Favorite Female Characters: Shikujo ‘The Fox Woman’

189022I mentioned in a previous post, wanting to write about the female characters from Kij Johnson’s The Fox Woman.  The novel, based off a 9th Century Japanese folk-tale, centers on Kistune, a fox who falls in love with a nobleman, Kaya no Yoshifuji, and uses fox-magic to win his love. And while Kitsune is more than deserving of her own blog post, allow me to introduce Shikujo.

While not the protagonist, Shikujo is one of three first person narrators  who brings the folk-tale to a level intimate with the voices of women. Shikujo is Kaya no Yoshifuji’s wife. But she is so much more than a rival or a foil for Kitsune. Through Shikujo’s diary (her “pillow-book”) her loneliness and desire and anger become palpable. We see her as no one else does; we see her behind the screens, behind her floor length hair and behind the pretty poems she writes, playing marriage politics with her husband.

She is the perfect wife and Kaya no Yoshifuji resents her perfection. But she merely plays the role of wife, the way she believes she ought. Gender is a performance and Shikujo wants nothing more than to be perfect and never raise her voice or contradict her husband or reveal that she has emotions to withhold. She wants to be the wife out of Japanese folk-lore.

There’s a beautiful moment, maybe three-quarters into the novel, where Shikujo has left her husband (though not divorced him) and returned to the capital. She enters back into her old life serving the Princess, an old woman who knows she is dying. And from Shikujo’s friendship, the Princess sends her a poem, telling her to live her emotions and embrace her imperfections. The Princess writes:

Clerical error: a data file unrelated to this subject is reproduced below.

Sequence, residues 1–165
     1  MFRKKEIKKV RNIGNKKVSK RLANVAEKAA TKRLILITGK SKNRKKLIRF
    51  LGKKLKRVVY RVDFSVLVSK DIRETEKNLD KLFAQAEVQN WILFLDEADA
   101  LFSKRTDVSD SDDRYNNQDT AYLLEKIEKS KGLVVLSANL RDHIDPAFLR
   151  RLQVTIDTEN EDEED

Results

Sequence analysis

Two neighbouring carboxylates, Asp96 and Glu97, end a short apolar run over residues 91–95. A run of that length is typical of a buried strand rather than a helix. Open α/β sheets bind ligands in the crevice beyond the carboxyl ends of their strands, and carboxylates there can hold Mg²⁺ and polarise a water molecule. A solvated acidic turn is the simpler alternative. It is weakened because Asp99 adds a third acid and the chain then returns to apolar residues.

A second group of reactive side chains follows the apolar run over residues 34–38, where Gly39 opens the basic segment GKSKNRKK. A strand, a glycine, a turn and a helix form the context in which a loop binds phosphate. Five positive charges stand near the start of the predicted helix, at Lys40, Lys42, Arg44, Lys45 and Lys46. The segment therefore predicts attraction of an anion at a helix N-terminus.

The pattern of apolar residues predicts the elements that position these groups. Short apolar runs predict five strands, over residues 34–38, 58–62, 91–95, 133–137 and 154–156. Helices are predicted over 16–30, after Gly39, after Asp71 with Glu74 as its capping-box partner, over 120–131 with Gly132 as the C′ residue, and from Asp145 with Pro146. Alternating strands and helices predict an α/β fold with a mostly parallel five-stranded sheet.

Where I go now the nights are endless

in keeping with my sadness.

We will not meet again in life.

We will meet again in the Radiant Land. Be brave and be

alive.

Be brave and be alive.

I have the quote on my wall now to remind me that perfection (even self-imposed perfection) is another bar in the prison of gender.  It is bravery to drop our mask. It is bravery to fall from the pedestal of womanhood. But it is worth it. To do so, means we are human, making mistakes and living through them.

Shikjuo is more than a favorite female character: she is a woman we can all benefit from remembering and living by the advice she receives.

Leave a Reply

This site uses Akismet to reduce spam. Learn how your comment data is processed.